First Ladies Who Don’t Wear Fur
The snow has melted (thanks be!), the daffodils and forsythia are blooming, and spring has definitely sprung. So you’re probably not thinking of winter clothes anymore. But ‘tis the season for all things winter to go on sale, and that includes the most cruel of fashion accents, fur.
We in Maryland can be proud that our first lady, Katie O’Malley doesn’t wear fur. And neither does the country’s first lady, Michelle Obama, nor the first lady of France, Carla Bruni-Sarkozy. There are, in fact, quite a few first ladies who shun fur, as this column by Laura Vozzella of the Baltimore Sun points out. Someone you might call the first lady of television, Oprah Winfrey, is also in the no-fur group; so is Candace Parker of the WNBA.
I expect this entry to generate some heat, and so be it, but before anyone weighs in, I think the facts are in order. First of all, you can easily get a wide variety of fake fur clothing and accessories these days that look as good as the real thing and are nearly as warm (we don’t live in Siberia; you don’t need to bundle up against sub-zero temperatures). Fabulous Furs, whose products are made of acrylic, is one purveyor. Prefurs is another.
Second, the claim that “animals are raised for this purpose” is disingenuous at best and willfully ignorant at worst. The vast majority of commercial fur these days comes from abroad, especially China, as you can see when you look at a label that indicates “fur of imported origin” or just plain “imported.” There are little to no regulations about how animals are treated. But no matter where the fur comes from, the conditions under which these animals are killed are simply horrific. They do not go gently into this or any other good night. They are brutally beaten and stomped on to render them dazed but not unconscious, and they are often skinned alive. By the hundreds of thousands.
This is torture, pure and simple, and no amount of prettied-up euphemism or slick marketing can change that.
If you’re going to wear fur, you should at least know what it is you’re wearing and the gruesome reality of how it got to market. Many people who coo and fuss over their pets and would never think of hurting them turn a blind eye when it comes to mink, fox, raccoon, rabbit, beaver, bear, and on and on. And since labels in the U.S. don’t even have to indicate what kind of fur is being used, you might be buying fur from Fido or Muffy that’s being passed off as something else—not that it should matter: skinning a wolf or raccoon alive is just as barbaric and unconscionable as doing the same to a cat or dog.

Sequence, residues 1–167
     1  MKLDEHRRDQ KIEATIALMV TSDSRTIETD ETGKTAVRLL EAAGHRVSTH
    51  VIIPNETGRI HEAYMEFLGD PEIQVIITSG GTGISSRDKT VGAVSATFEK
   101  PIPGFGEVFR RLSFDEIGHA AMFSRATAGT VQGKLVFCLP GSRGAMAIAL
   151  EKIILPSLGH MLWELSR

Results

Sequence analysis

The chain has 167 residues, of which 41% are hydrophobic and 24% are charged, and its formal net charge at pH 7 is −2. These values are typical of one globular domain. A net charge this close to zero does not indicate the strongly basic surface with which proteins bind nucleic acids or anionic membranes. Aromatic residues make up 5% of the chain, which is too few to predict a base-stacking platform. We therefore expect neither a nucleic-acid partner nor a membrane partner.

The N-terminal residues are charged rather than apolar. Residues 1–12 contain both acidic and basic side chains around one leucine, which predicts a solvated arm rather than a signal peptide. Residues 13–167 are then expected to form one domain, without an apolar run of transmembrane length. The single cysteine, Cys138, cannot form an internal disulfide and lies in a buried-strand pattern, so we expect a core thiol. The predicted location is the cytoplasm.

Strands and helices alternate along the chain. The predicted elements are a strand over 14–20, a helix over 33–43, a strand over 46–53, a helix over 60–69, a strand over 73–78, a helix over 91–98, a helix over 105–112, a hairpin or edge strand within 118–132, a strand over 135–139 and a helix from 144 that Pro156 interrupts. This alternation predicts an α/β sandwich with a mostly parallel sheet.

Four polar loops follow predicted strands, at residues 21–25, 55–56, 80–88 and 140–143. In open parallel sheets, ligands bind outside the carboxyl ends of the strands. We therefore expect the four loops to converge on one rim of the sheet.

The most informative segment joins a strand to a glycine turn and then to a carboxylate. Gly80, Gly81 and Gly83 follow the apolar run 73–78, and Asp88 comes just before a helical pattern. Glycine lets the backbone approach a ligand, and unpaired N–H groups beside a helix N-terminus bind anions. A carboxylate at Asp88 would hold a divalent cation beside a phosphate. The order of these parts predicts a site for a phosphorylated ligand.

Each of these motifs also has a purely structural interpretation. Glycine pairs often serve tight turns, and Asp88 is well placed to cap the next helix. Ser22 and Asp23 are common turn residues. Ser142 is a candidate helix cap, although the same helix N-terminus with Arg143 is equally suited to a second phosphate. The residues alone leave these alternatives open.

Quoting from the Humane Society: “On fur factory farms and squalid backyard operations around the world, over 45 million animals, including raccoon dogs, rabbits, foxes, mink, and chinchillas, spend their short lives in tiny wire cages until they are killed by methods such as neck-breaking and anal electrocution.”
Amidst all the uproar over Michael Vick and his former hobby, there was nary a peep about the cruelty the rest of us are party to if we wear, or support the wearing of, fur.
The Humane Society of the United States has a lot more info on this topic if you’re interested.
I would be remiss if I didn’t mention a few more points of controversy. There are many people who believe that even the wearing of fake fur is indefensible because it’s giving the impression that one is wearing real fur. This is, obviously, debatable. I wear a faux mink coat from Fabulous Furs that I make a point of telling people is fake, to spread the word that you can have a beautiful look without brutally slaughtering animals. Second, there are many vintage fashion lovers who believe that wearing vintage is the only responsible way to wear fur. Again, debatable. Sensible argument or self-serving rationalization? I have several cashmere sweaters with mink collars from the 1950s that I bought on eBay years ago. My rationale is that if it was created before I was born (1957), I’ll wear it. If after, I won’t.
But I’m starting to rethink even that stance. What, after all, constitutes “vintage”? How old? What about someone born in 1970? Or 1985? Or 1990? Or beyond? If she wears fur clothing that was manufactured before she was born, what difference does that make? You still have an infinite loop. The fur that’s skinned off a living creature today will, someday, be on an article of clothing manufactured before somebody else out there was born. So maybe this position is rank hypocrisy.
On the other hand, if, hypothetically, all slaughter of fur-bearing animals were stopped today, we’d still have millions of pieces of clothing with fur. Should we build a bonfire and destroy them all? Would that be a logical, humane position in keeping with a declaration to not wear fur?
And what about leather? It, too, comes from animals. Cat slaughterhouses in the Philippines and dog slaughterhouses in Thailand are also horrific places—30,000 animals a month are killed there. The skins from these countries end up in the U.S. and Europe as well as Asia. When we buy a leather bag or leather shoes or leather gloves, what are we really buying? (There are now many places to buy fake-leather-but-feels-as-good-as-the-real-thing, as I wrote about here, and more are cropping up all the time.)
It’s a lot to think about. But ignorance, in this case, is not bliss. It’s better to think about this stuff and make up one’s own mind than to follow along blindly and pretend these things don’t exist. Please leave your comments below.